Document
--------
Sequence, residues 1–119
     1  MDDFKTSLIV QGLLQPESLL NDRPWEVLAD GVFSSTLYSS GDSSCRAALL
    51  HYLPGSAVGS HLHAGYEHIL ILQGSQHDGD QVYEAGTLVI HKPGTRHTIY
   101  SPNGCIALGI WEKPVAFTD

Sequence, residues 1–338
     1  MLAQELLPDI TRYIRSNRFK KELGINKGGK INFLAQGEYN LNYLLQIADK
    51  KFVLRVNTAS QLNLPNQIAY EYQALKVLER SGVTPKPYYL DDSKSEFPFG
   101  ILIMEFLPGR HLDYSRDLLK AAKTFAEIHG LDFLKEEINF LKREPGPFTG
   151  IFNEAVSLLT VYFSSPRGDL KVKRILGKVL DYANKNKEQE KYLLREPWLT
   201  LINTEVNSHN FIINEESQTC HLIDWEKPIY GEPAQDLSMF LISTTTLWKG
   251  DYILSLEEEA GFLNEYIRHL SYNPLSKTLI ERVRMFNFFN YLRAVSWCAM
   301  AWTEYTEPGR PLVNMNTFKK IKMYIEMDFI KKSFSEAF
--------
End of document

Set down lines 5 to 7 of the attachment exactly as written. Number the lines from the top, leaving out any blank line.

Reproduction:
Sequence, residues 1–338
     1  MLAQELLPDI TRYIRSNRFK KELGINKGGK INFLAQGEYN LNYLLQIADK
    51  KFVLRVNTAS QLNLPNQIAY EYQALKVLER SGVTPKPYYL DDSKSEFPFG